You could say that Dr. Ben Buchanan was born into the world of veterinary medicine. As a kid, he spent his time scrubbing floors, cleaning stalls, and mowing the lawn at his father’s practice. But Dr. Ben was also an outlier in the world of horses. He didn’t show horses growing up, as we so often see with other equine veterinarians. In fact, his move into medicine was less about the horses and more about the people.


Dr. Ben will be the first person to tell you that he is an unlikely veterinarian. His choice to move into medicine came from his desire to help out the family business, and his love for the people associated with it. As he says, “I didn’t know what else to do because my whole life I worked in the clinic. Instead of being a horse person who decided to become a veterinarian, I was a veterinarian grunt who enjoyed being around all the people.”

That love for the people and a desire to help the business compelled Dr. Ben to pursue his DVM from Texas A&M. But as anyone in veterinary medicine will tell you, there’s nothing easy about it. Unfortunately, that also includes making it to class on time. “I woke up at nine o’clock on the first day of school. So I missed the first class on the first day and I never caught up.” The classwork side of veterinary school never did catch Dr. Ben’s attention the way that the clinic side did. “I didn’t go to class. I would skip class and go to the clinic. I’d wander around and talk to the techs, the students, and the residents all day.”

Dr. Ben eventually found surgical life to be tedious and sometimes boring. His interests aligned more with physiology and internal medicine. This new direction brought him close to Dr. Noah Cohen, who Dr. Ben aptly describes as “the world-class internal medicine guy.” Dr. Cohen became “kind of an inspiration and a mentor” to Dr. Ben during his time as a student.

That mentorship paid off, and Dr. Ben found his calling. After his graduation in 2001, he moved on to the University of Tennessee to pursue his specialization in internal medicine. He developed a fascination with neonatal medicine, gastric ulcer, and endocrine research.

This three year, 80-hour week program wouldn’t allow most people time to focus on anything else, but Dr. Ben wasn’t satisfied with a single focus, so he used his “spare” time to also pursue a specialization in emergency and critical care. “It’s a combination of medicine and surgery. It’s not straight internal medicine. That sounded kind of fun. Not knowing any better, it’s easy enough to say two’s easy enough to do’.” So during his time off in the internal medicine residency, he would drive to New Bolton Center in Pennsylvania from Knoxville in order to do a second residency in emergency and critical care. In 2006, Dr. Ben became one of the first 15 people to achieve Board Certification in both Large Animal Internal Medicine and Veterinary Emergency and Critical Care.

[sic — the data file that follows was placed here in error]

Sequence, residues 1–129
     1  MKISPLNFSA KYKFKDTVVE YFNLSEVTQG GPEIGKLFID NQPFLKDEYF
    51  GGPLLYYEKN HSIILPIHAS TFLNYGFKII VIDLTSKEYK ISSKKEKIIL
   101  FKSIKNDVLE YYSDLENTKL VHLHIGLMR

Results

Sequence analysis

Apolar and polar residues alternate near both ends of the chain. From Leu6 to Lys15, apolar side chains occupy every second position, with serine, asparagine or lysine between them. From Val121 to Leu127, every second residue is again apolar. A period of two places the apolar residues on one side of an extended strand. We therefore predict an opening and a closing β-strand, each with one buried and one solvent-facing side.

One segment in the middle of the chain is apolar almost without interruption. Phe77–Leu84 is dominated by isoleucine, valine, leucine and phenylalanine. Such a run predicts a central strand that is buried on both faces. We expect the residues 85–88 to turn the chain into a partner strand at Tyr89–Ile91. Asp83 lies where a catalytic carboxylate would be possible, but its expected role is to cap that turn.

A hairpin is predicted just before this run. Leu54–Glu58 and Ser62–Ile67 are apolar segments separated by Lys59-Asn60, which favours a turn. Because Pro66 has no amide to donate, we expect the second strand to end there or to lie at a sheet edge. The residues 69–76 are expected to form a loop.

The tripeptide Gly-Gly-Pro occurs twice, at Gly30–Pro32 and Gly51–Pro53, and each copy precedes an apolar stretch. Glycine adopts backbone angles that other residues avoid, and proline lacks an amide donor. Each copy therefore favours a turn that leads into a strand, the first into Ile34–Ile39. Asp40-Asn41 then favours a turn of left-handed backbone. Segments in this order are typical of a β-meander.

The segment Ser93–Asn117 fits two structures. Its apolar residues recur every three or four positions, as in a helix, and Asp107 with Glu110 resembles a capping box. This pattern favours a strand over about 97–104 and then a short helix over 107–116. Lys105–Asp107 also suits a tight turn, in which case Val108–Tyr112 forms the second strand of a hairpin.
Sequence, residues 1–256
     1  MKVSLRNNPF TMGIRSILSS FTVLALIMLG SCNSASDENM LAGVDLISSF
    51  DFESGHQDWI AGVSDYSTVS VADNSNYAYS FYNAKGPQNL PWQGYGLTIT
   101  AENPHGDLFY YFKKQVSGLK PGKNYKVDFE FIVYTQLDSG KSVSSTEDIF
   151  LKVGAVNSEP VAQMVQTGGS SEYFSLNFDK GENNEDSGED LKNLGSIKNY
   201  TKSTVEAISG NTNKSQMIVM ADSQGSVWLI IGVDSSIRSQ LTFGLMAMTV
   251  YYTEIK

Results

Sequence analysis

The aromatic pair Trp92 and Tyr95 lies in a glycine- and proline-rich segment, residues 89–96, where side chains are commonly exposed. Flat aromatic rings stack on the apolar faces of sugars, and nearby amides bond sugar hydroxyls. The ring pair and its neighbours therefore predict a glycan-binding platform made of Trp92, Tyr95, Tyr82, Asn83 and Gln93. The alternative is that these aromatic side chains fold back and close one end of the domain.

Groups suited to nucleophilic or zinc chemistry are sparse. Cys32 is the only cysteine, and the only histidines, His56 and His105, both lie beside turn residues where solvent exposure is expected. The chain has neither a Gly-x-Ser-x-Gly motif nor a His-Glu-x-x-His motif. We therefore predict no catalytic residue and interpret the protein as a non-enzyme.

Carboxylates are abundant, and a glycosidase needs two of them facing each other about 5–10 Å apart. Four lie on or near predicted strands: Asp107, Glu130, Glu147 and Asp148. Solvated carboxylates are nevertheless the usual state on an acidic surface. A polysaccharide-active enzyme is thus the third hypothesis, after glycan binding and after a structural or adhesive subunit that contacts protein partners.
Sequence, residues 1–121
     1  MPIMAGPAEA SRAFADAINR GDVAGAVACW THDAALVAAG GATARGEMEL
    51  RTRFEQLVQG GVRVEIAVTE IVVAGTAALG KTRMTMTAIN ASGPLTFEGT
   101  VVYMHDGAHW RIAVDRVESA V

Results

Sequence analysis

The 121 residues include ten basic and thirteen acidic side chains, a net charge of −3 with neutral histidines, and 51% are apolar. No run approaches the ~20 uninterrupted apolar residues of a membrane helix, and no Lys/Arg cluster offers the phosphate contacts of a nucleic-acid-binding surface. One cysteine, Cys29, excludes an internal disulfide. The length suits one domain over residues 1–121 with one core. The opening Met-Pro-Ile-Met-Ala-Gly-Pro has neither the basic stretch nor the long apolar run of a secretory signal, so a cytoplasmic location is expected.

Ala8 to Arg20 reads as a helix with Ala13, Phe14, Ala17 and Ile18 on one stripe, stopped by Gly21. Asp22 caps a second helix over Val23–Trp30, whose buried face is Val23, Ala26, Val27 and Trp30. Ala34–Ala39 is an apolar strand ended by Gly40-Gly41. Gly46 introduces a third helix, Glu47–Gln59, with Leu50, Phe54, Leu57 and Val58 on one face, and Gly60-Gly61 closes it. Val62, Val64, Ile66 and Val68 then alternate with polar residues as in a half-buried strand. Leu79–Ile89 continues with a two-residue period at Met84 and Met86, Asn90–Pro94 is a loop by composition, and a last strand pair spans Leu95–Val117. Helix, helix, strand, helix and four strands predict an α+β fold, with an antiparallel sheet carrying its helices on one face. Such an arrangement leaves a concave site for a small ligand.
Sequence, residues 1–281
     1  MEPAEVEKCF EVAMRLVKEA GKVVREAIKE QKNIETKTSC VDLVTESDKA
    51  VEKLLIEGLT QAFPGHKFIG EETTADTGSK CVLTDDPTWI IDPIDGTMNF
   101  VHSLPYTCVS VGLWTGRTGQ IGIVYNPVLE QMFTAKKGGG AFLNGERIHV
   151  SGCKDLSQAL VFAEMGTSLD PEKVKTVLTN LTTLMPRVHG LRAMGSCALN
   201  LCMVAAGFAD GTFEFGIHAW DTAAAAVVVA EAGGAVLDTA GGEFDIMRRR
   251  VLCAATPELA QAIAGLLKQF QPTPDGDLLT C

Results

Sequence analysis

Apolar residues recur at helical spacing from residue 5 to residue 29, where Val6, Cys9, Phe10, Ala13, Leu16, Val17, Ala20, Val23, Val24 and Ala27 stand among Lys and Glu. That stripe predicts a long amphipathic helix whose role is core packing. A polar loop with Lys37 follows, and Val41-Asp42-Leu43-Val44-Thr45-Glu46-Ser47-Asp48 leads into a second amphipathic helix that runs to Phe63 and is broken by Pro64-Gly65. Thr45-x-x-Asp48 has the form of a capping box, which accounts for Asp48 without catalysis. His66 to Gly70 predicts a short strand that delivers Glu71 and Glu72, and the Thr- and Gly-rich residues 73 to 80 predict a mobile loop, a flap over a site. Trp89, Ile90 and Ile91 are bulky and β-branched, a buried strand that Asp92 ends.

Dr. Ben joined the Navasota office of Brazos Valley Equine Hospitals in 2005. He will be the first to tell you that there is no such thing as a “normal day” in the world of equine medicine. The only thing that is the same from day to day is the order in which he sees and treats his patients. Dr. Ben will start his rounds with the hospitalized patients, from most critical to least critical. He then focuses on consulting for local veterinarians who also have hospitalized patients. His primary areas of interest these days are horses that have respiratory and vision problems, but his true passion lies in working with critically ill neonatal foals.

“It gets fun seeing them because I’ve now been here long enough that I see them come back as racehorses or performance horses.”

Even still, with a busy schedule full of horses that need his help, Dr. Ben’s focus is on the people. “It took me about ten years before I understood exactly what the business is about. It’s not about treating horses, it’s about taking care of people. It just so happens that we all pick horses as the medium.”

That attitude comes as much from Dr. Ben himself as it does from his dad, T-Bone, founder of Brazos Valley Equine Hospital. “His philosophy has always been to just work harder and take care of people. Calling people back and taking care of people is how the practice got built.” According to Dr. Ben, the simple act of answering the phone or calling people back is what sets a practice apart and helps to build generational loyalty.


“My belief is that equine veterinary medicine is different than other parts of the profession. The balance of social needs and the ability to make a difference is part of the business.” This goes hand in hand with that generational loyalty that Dr. Ben described above.

In the Navasota office, there’s a picture of one of his high school classmates riding barrels at ten years old. Right beside that, there’s a picture of that classmate’s nine-year-old daughter also riding barrels. As Dr. Ben notes, “the clinic has been working on that family’s horses for three generations. You get to know the horse, and you get to know the people on a completely different level than you would in a small animal practice.”

Dr. Ben gets lost, he says, when people talk about work-life balance. “They see their profession as a 9 to 5 job. He doesn’t. Our profession, our social life, our balance is people. The people that we like and want to be around are the ones who care about horses.”

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